We headed off in 108 degree heat at 1430 - the day before the full moon, and with the kindest wind imaginable - it slowly bent around as our route turned around Cuba. This passage, Hamish, Jason and I switched our watch schedule - normally we do 3 hours at night and 4 in the day, but this time we did 4 at night, 3 in the day, which worked a bit better with the girls - we got our long sleeps at night and shorter in the day while the girls were awake. With the excellent weather, too, we were able to sleep during our standby time until the last day when the weather and shipping picked up. Hamish, with all his English Channel experience, was up almost the entire last night skimming around dozens of cruise ships and freighters as we sailed along at 11-14 knots. He was very cool about it, but at one point I'm sure I heard him mutter, "there really is a lot of traffic."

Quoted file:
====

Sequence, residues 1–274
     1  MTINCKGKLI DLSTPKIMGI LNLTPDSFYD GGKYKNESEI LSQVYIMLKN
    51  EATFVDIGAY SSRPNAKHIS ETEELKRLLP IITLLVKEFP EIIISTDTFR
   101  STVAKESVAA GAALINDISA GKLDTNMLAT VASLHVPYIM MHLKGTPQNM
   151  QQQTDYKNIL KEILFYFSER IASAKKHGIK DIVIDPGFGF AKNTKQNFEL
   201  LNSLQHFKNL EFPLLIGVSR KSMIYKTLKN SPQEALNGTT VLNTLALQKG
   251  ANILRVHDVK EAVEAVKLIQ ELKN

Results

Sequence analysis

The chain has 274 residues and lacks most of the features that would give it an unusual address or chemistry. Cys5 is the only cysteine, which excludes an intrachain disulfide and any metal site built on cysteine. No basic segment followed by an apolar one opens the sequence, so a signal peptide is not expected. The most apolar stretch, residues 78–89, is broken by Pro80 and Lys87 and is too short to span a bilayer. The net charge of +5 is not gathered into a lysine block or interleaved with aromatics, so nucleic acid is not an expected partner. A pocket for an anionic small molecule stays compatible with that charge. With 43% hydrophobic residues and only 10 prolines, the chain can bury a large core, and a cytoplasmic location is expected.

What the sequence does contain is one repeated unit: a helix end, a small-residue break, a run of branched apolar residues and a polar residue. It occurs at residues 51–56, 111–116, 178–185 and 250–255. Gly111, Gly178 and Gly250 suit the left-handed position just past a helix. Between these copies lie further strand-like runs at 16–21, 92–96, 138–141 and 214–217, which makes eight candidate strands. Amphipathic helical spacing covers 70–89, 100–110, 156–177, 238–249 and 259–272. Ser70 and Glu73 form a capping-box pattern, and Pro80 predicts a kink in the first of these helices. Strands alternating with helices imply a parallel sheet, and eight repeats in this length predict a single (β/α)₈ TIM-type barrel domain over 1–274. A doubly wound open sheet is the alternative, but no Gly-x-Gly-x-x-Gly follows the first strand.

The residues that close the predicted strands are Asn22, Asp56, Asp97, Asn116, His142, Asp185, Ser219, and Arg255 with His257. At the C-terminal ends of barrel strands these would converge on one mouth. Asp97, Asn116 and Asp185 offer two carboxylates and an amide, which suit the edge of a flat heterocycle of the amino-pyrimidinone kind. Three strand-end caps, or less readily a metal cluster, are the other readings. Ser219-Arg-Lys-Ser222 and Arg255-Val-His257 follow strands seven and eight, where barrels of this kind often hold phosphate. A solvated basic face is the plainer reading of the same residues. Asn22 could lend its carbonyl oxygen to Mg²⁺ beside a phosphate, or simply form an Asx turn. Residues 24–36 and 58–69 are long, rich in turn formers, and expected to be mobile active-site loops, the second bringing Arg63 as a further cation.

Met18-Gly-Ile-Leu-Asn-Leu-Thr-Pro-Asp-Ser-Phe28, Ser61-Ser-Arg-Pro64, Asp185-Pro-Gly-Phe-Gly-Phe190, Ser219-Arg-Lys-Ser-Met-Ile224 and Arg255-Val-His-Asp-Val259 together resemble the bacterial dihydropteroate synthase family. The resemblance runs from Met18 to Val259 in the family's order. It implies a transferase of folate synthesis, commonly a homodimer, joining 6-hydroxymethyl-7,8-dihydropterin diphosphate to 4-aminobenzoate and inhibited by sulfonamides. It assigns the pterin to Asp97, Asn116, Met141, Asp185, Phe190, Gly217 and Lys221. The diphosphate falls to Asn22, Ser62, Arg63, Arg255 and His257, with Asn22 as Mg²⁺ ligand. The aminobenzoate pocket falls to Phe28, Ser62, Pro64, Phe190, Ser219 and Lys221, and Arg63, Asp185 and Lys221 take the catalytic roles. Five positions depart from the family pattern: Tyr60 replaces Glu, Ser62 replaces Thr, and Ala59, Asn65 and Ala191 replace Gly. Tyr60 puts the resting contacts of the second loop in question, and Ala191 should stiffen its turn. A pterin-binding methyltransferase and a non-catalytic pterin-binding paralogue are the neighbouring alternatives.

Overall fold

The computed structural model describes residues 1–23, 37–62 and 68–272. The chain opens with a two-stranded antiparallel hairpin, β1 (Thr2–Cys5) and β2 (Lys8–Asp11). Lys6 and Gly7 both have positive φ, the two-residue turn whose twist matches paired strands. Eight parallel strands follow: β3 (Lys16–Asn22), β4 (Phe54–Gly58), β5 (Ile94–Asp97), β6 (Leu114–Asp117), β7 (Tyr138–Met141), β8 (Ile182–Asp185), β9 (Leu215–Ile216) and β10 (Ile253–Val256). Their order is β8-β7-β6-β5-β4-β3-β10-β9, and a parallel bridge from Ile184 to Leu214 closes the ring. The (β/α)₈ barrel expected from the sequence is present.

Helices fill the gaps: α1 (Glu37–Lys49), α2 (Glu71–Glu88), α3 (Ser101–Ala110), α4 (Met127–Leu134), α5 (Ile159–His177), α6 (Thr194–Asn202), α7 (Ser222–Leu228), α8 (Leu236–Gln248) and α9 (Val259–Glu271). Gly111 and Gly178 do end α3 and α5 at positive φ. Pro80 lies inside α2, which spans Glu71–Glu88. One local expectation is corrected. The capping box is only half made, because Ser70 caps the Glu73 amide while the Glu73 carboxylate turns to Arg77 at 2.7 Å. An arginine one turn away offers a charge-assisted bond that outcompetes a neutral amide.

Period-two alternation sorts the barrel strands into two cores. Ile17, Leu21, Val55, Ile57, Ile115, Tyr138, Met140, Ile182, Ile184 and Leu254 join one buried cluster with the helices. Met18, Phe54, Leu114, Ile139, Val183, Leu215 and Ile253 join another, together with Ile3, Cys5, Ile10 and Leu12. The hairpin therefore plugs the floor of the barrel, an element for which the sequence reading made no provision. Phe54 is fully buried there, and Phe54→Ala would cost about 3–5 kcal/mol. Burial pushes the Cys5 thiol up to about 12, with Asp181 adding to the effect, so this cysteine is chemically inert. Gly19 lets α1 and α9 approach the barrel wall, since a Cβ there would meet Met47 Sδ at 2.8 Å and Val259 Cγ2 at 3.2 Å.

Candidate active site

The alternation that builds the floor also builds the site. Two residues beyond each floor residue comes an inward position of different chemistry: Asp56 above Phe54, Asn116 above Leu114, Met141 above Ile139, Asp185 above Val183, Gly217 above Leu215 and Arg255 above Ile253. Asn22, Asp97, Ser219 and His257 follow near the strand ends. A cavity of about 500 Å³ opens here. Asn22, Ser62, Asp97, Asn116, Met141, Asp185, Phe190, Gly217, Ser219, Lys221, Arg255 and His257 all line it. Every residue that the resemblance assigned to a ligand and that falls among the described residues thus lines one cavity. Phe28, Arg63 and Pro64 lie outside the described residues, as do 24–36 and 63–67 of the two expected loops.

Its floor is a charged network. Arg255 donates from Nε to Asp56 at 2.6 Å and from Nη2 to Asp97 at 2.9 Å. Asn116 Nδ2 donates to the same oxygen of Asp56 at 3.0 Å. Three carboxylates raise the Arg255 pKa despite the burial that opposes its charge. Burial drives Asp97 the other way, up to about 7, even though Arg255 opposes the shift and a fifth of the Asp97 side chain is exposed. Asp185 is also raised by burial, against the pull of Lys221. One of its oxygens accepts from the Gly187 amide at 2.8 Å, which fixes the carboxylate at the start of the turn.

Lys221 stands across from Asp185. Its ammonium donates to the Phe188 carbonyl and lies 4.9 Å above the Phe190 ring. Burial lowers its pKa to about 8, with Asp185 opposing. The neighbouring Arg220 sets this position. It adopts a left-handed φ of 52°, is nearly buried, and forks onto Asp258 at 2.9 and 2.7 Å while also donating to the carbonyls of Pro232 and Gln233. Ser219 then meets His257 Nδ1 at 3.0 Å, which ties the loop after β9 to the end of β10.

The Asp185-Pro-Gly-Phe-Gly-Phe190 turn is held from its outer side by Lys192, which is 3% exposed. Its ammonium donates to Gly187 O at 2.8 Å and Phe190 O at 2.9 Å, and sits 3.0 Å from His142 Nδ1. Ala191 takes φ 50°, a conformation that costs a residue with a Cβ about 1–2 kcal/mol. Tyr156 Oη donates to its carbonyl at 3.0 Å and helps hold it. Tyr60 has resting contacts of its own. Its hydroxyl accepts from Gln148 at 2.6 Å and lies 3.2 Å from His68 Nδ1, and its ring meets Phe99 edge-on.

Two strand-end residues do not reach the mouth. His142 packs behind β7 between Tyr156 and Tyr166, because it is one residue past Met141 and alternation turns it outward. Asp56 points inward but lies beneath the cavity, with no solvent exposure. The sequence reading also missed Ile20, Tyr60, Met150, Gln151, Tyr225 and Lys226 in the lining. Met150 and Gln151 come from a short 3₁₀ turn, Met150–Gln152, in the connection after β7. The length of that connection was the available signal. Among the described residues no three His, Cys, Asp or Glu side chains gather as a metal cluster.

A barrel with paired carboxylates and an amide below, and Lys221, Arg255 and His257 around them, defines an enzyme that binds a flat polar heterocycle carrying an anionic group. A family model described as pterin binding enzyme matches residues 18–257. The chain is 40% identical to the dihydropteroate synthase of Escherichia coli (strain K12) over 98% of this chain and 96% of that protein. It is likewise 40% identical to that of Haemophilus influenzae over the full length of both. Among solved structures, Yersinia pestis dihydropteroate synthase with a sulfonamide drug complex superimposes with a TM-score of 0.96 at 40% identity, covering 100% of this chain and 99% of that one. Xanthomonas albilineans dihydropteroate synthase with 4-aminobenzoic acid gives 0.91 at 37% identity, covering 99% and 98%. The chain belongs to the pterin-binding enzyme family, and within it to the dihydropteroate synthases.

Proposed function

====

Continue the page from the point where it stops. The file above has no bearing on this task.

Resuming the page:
We had planned to clear in at Key West, but the weather was still good, and another great pointed dragon's tail of a cold weather front was hovering by, so we kept pushing through to West Palm Beach. Helen was quite sick on the trip - heat exahaustion we think, rather than seasickness, but she worked really hard to get herself healthy by drinking lots of water and eating when she could bear it. Anna did very well, playing her Leap Pad endlessly because we were too lethargic to play with her (she does better in the tropics than the rest of us). On one page, she found Montana, Jason's homeport, and ran to show him: she is now 100% sure of Montana, but still quite vague about New Hampshire, England, the Bahamas and Belize.